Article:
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Military pimp allowed to be a foster parent because the Army didn't report a conviction
A former Army sergeant at Fort Hood in Texas was allowed to serve as a foster parent despite pleading guilty to prostitution charges. (Image source: HLN video screenshot)

Military pimp allowed to be a foster parent because the Army didn't report a conviction

When military branches don’t submit criminal convictions to the FBI, it impacts more than just gun purchases.

In the case of former U.S. Army Sgt. 1st Class Gregory McQueen, a man who two years ago pleaded guilty to pimping out female soldiers to higher-ranking officers in a prostitution ring at Fort Hood was allowed to be a foster parent in Texas.

Failure to report convictions

The Army failed to submit McQueen’s criminal record to the FBI database used for background checks. While it showed up in the database used by gun dealers, it didn’t show up in the one used by licensing agencies.

News reports of the charges can be found online dating back to 2014, such as this one:

McQueen and his wife were allowed to serve as foster parents for the Lighthouse Family Network of Salado for three months before they were delisted once the contractor found out about the convictions.

McQueen’s crimes

McQueen faced 40 years in prison before accepting a plea deal for charges, including pandering, conspiracy to solicit prostitution and mistreatment of a subordinate. He was dishonorably discharged and sentenced to 24 months in prison.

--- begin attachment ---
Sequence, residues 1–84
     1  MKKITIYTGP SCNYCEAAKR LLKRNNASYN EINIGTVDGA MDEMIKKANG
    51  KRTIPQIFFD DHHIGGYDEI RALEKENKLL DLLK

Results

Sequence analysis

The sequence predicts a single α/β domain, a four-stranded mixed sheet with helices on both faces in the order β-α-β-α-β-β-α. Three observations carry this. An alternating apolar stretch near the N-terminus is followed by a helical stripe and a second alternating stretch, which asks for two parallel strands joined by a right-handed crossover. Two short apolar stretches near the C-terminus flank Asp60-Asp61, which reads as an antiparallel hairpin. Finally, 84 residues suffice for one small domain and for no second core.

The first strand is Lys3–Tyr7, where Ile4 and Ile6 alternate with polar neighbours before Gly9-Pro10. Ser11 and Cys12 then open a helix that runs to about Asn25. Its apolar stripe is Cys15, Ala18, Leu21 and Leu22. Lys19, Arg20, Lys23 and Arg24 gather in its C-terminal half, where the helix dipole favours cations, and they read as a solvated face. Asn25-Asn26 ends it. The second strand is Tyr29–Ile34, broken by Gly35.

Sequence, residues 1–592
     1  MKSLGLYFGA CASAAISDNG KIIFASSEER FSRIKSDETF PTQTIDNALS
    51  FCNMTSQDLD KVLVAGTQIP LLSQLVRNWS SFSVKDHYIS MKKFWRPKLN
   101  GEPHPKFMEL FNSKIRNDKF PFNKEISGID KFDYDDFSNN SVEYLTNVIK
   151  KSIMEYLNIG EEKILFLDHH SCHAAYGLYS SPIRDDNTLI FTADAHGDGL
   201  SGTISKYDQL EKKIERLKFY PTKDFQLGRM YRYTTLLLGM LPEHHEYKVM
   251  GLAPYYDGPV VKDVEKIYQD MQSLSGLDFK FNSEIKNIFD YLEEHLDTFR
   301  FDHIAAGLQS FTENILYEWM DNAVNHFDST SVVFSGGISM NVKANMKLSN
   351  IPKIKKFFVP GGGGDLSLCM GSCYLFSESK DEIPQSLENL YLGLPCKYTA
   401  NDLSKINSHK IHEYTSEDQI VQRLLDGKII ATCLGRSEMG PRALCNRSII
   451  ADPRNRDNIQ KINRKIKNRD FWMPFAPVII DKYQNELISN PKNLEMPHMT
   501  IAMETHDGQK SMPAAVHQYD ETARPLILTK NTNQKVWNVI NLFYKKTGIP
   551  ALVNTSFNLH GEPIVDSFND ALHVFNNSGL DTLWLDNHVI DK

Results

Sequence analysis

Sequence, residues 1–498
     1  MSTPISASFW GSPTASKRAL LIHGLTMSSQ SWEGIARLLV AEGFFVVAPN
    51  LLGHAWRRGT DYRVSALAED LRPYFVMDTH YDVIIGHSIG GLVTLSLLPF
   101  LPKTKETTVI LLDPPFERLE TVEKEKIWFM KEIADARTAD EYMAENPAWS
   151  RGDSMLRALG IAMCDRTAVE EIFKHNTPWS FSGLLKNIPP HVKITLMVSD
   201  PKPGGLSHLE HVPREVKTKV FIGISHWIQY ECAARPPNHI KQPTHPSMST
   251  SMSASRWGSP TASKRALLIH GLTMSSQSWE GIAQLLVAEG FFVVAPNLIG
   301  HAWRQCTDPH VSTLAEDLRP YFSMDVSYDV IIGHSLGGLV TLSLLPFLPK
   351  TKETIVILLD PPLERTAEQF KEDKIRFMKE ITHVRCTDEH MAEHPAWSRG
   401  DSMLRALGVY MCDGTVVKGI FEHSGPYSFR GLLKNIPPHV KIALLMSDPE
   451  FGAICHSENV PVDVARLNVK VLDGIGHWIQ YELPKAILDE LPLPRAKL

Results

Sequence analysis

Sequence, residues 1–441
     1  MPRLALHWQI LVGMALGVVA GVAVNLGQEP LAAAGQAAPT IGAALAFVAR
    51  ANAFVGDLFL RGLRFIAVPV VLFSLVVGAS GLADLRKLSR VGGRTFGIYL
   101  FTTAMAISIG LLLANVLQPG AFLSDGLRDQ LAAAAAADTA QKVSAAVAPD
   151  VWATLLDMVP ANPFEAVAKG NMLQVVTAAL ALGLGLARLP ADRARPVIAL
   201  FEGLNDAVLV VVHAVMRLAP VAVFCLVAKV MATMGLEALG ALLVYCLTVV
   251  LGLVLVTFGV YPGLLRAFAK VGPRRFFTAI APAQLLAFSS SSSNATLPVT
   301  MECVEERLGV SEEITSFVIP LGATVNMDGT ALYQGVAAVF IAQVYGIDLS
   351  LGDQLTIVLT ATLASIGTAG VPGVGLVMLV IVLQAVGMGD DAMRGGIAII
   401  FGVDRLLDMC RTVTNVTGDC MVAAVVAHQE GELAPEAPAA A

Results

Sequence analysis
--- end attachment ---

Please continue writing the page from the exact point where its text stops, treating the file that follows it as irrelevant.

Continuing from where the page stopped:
Court documents show he was accused of recruiting female soldiers with financial problems to have sex with higher-ranking officers, telling them they could make “easy money” by providing “tension relief.”

What the Army said

An Army spokesman admitted the error and said they were working on solutions.

“We not only acknowledge this error, but, more importantly, are taking corrective action to ensure we fully share information with appropriate law enforcement agencies,” spokesman Michael Brady said.

A serious problem

It was a similar lapse in data reporting by the Air Force that allowed Devin Kelley to purchase a gun before shooting and killing 26 people in Sutherland Springs, Texas, in November.

“Background checks are important tools to help screen for potential issues,” said Christine Mann, a spokeswoman for Texas Health and Human Services. “When it comes to vetting potential foster parents, it’s in everyone’s best interest to make sure that criminal databases contain the most complete, accurate and up-to-date information.”

(H/T The Dallas Morning News)

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